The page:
Since then, the company has lost a handful of viable women wrestlers and have seen the division drop off. Trish Stratus retired, Mickie James found herself in TNA, and longtime WWE employee Victoria followed.
So what is creative's solution to a weak women's division? Building up Kelly Kelly as the company's top female worker.
That's right! A 108-pound "exhibitionist" is now dominating the women's scene. She is constantly defeating the likes of Beth Phoenix, Natalya Neidhart and Tamina, ladies who have much more ability in the ring.
In fact, the current Divas champ hasn't lost a match since May 22 at Over The Limit.
I can see the company is building at a bigger picture with the Divas in the ring, but the strap should be with someone who is believable and somewhat skilled.
The Ugly: The Sin Cara Saga
If you want to talk about messes, look no further than Sin Cara. The Sin Cara character has been nothing but rocky since being introduced in the WWE.
Luis Ignascio Urive (Mistico) was the first man behind the mask. Unfortunately, he hit a number of bumps as soon as he debuted. Urive botched his first few entrances, botched some moves in numerous matches, and violated the company's wellness program.
Urive was suspended and was then replaced by developmental talent Jorge Arias (Hunico). And although the character had a new wrestler, the mistakes didn't stop there. On the Aug. 23 taping of SmackDown!, Arias miserably botched a match with Heath Slater.
The match had to be re-taped for Friday's airing due to screw ups.
As it currently stands, the original Sin Cara, Urive, may not return at all. The company is too deep into the Sin Cara character and will most likely use Arias in that role.
The Good: Cody Rhodes as Intercontinental Champion
Just like the Tag Team titles, the Intercontinental strap has taken a huge hit over the past few years. The champions have been weak, hardly anyone has been properly pushed from the division, and the belt is hardly even contended for.
We all know who used to hold the Intercontinental distinction. There was Randy Savage, Bret Hart, Shawn Michaels, Austin, and The Rock. More recently there's...umm, yeah.
This title should be used to develop mid-card talent into main-event type talent. And quite frankly, it's not being used for much of anything.
But luckily, things could be looking up for this once-esteemed division. Cody Rhodes, a more than legitimate worker in the business, is now champion and smart marks across the country couldn't be happier.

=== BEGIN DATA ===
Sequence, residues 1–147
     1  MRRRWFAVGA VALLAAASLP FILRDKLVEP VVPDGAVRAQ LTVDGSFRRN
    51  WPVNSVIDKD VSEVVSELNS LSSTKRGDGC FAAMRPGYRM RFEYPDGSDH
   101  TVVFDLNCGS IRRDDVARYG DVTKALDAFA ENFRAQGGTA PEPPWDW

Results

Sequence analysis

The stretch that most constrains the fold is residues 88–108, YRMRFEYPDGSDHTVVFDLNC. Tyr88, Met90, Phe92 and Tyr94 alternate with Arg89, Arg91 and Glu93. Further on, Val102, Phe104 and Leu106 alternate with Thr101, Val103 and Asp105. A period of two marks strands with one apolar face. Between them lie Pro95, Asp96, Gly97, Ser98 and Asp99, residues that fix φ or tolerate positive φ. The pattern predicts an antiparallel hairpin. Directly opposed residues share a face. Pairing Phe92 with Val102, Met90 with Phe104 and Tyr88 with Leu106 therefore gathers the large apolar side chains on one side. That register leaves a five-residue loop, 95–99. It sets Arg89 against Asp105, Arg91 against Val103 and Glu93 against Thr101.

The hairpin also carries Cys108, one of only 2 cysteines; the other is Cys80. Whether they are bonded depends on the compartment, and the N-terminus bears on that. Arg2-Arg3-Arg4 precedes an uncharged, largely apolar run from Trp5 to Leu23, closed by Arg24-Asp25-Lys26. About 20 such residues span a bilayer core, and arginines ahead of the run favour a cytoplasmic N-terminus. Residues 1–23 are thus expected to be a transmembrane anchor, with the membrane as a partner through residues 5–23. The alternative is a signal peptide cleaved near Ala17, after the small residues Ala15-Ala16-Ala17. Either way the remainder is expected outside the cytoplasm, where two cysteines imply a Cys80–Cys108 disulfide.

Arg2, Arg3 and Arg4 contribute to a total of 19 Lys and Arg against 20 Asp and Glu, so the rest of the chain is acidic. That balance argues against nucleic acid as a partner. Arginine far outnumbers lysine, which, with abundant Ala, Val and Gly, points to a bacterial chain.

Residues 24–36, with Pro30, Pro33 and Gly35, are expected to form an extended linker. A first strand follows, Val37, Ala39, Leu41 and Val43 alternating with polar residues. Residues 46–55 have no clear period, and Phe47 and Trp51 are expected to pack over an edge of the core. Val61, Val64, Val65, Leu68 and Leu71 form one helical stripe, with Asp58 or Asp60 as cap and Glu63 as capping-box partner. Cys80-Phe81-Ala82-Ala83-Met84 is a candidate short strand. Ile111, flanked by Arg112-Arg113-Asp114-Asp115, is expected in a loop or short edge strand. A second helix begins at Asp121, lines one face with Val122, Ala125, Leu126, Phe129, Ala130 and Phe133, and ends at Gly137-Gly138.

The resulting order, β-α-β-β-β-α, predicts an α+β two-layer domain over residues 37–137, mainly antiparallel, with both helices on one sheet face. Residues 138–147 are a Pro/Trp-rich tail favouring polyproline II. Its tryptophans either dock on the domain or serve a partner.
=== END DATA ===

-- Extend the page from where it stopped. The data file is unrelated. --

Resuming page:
Rhodes has a promising future as a main-event guy in the WWE and could use this title reign as a catapult to the top of the card.
The Bad: The Under-Utilization of Wade Barrett
Although the SmackDown! brand has a perfectly capable heel in Wade Barrett, they somehow refuse to use him. He got a push at Money in the Bank, he got a meaningless mid-card match with Daniel Bryan at SummerSlam, and it looks like he will not be getting a World Heavyweight shot in the foreseeable future.
Furthermore, they broke up two of his good factions that could have been used for a big push.
As mentioned in the Del Rio slide, the company is lacking viable top heels on its brands. You have Alberto, Mark Henry, and Christian between the two shows. The Miz and R-Truth seem to be teaming up out of the WWE title scene and Sheamus has recently ditched his heel role for a babyface one.
So why not use Wade Barrett there?
Why is he not squashing the mid-card and why is he not challenging top talent?
He can work the mic, he can work a match and he can work as a top heel.
The Ugly: A Potential CM Punk-Triple H Feud
Over the past handful of months, CM Punk has shaken things up in the wrestling world. Simply put, the man has become a wrestling legend amongst the markiest of marks with his phenomenal in-ring work and his extremely entertaining promos.
But recent activity from the creative team has Punk in a potential feud with the almighty Triple H. All signs may be pointing to a huge rivalry between the two possibly leading all the way up to Survivor Series.
Unfortunately for the straight edge messiah, a feud with The Game will surely damage his character. He won't be billed as the main event match, he won't be contending for the strap, and he most certainly will not beat Triple H.
The WWE had a perfectly good storyline with Punk at the helm, but inevitably dropped the ball. They brought him back much too early and failed to build on what was the company's biggest angle in years.
It looks like he will now be thrown into a feud with Triple H where he will not come out on top.